The past week has witnessed several extraordinary developments on militancy front. First, government forces arrested seven militants. It was followed by the killing in one encounter of six militants at Hajin, among them Lashkars top leadership including its chief Mehmood Bhai, the divisional commander Abu Zargam and another commander Abu Owaid, the nephew of Zakiur Rehman Lakhvi. So far, three members of Lakhvi family have lost their lives in Kashmir, two of them his nephews and one his son. One militant, a footballer who had joined Lashkar ranks a week ago quit militancy after his distraught mother appealed him to return. Majids decision to join militancy had triggered a wave of hand-wringing across the Valley, a sentiment heightened by the fact that Majid is the only son of his parents. The video of his distraught mother wanting him to return had gone viral. And many of his friends had taken to social media to beg him to give up gun. All these developments contributed to Majids return.
Though these successive events do not fit the otherwise predictable turn of events in Kashmir, the security situation in Kashmir has continued to be grim. The violence has continued and much more intensely than anytime in recent years. Until recently, security forces have killed more than 170 militants, most of them the local militants. The number is the highest in the past seven years. As against this, 146 militants were killed in 97 encounters during 2016. The rising killings highlight several aspects of the Valley situation. One, the increase in the number of militants which had since last year suddenly doubled to around 300 has again been brought down to around 150, something that has been an annual average over the past several years.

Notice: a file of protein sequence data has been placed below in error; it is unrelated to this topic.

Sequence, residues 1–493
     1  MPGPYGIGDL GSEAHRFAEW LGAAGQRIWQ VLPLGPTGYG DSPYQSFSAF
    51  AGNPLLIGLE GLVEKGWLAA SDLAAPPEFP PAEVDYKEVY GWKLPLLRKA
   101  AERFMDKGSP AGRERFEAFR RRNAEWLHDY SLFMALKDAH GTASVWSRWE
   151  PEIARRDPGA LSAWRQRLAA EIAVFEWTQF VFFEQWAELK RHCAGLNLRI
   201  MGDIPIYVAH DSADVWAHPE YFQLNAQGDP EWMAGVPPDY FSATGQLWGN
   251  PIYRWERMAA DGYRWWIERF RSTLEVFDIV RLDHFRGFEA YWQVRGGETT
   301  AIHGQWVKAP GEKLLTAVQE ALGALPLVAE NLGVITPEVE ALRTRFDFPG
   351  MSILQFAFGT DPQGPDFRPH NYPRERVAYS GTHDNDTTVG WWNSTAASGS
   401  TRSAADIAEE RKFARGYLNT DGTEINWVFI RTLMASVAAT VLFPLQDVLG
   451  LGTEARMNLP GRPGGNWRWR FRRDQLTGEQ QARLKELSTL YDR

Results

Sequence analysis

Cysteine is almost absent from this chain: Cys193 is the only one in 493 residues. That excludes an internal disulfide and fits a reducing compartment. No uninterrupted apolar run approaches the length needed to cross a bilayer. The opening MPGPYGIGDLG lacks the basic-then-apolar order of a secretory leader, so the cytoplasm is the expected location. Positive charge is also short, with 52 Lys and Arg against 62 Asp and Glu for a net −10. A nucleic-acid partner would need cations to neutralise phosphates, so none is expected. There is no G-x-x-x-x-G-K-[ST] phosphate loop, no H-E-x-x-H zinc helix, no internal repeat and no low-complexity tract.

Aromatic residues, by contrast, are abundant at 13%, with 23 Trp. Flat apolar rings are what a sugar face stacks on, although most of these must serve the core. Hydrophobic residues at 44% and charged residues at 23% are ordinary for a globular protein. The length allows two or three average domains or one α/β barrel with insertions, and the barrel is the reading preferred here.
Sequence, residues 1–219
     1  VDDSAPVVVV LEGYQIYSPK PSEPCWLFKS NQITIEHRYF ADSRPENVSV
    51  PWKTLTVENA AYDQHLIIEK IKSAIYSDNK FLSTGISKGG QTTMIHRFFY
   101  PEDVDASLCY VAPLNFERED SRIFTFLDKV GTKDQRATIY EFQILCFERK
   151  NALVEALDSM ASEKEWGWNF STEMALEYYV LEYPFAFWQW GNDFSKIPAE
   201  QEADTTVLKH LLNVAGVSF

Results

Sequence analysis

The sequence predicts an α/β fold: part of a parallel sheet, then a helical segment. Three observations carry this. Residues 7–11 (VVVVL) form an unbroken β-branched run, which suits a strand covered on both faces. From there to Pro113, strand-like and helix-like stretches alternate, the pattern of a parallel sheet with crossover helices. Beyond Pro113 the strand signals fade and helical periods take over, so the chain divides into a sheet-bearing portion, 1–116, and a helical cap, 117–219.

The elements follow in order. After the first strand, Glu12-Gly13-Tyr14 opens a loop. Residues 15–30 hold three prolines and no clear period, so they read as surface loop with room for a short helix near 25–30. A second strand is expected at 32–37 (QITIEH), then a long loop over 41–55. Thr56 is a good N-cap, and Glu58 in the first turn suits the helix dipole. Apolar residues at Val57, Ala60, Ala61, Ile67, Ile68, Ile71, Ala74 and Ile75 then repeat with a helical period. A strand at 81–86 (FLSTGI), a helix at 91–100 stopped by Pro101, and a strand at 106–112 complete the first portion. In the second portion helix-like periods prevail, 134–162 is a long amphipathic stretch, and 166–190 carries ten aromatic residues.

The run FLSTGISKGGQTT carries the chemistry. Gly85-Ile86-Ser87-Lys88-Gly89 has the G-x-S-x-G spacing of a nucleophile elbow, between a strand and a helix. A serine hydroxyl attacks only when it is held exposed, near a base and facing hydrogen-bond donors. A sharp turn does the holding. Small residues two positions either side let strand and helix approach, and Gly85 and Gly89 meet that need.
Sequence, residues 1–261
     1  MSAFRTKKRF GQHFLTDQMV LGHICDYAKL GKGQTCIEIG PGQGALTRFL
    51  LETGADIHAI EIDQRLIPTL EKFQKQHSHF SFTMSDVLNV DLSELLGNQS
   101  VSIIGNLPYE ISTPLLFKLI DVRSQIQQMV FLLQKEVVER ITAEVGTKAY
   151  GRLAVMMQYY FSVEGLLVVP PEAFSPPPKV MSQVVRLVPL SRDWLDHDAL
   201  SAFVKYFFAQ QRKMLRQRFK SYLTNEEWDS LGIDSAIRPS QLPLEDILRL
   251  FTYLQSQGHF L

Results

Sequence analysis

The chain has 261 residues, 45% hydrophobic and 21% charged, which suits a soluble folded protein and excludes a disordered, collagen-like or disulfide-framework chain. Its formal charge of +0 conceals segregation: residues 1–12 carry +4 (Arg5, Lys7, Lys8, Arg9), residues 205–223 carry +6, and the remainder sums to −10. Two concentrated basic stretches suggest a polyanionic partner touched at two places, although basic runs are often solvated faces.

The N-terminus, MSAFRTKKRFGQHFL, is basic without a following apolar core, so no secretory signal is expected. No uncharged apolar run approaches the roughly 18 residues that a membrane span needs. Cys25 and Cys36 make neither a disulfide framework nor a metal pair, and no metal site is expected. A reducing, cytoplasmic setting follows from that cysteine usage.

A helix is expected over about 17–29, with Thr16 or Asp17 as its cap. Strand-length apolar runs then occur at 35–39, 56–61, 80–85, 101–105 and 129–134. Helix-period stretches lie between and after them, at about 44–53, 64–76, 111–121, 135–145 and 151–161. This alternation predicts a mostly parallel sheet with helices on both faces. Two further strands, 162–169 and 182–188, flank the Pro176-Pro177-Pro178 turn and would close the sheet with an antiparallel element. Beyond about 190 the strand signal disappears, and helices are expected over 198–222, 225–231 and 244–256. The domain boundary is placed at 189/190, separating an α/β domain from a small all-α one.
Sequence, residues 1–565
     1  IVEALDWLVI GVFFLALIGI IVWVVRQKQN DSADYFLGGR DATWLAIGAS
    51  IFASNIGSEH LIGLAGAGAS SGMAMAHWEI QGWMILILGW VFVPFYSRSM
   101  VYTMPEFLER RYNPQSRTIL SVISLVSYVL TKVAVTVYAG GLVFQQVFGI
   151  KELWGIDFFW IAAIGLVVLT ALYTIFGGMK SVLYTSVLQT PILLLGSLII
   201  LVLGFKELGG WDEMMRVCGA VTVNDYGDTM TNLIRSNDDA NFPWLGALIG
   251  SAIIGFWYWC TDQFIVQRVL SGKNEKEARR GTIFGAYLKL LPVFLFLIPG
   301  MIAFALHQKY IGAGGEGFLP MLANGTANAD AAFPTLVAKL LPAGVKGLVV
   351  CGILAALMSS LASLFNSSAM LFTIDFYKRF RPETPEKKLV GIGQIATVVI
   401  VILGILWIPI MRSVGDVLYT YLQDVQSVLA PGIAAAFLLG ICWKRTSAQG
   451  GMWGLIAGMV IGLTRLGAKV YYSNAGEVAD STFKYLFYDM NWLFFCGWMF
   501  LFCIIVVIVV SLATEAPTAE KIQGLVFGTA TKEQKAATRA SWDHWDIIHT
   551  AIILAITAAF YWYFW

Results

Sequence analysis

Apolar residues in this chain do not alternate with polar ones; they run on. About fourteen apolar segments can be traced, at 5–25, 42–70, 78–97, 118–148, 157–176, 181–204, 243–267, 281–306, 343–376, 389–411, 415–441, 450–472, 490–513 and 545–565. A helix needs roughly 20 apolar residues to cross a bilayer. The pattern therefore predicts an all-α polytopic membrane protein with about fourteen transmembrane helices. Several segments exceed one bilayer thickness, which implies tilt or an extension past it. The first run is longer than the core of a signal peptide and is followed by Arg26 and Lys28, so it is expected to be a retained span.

Second, it reflects the growing success of the security forces in tracking down the militants, a turn of events that is seen as the direct result of the greater troop concentration in South Kashmir. Two additional army battalions were moved to the area in summer to reinforce the existing troop presence, most of them to Shopian and Pulwama where the Army encampments were revived. This has deepened the penetration of the security forces comprising Army, CRPF and J&K Police.
On the other hand, the arrest of the seven militants and the quitting of militancy by one in just five days has imparted a sudden momentum to the ongoing government campaign to get the local militants join the mainstream. Though since the unrest last year, the state government has been following a policy of discrimination in favour of the local militants, no fewer than an estimated 20 militants have given up arms in a period spread over more than a year. Similarly, the killing of six Lashkar militants in one go including its top leadership has dealt a blow to the outfit in North Kashmir. But whether these arrests and the killings will result in the containment of the militancy is something that remains moot. It is unlikely to happen. As the history shows the militancy has gone on despite the drastic reverses. And it will unlikely die down as long as the conflict over Kashmir lingers. For militancy to end, New Delhi will have to take meaningful steps to resolve the lingering conflict over the state.
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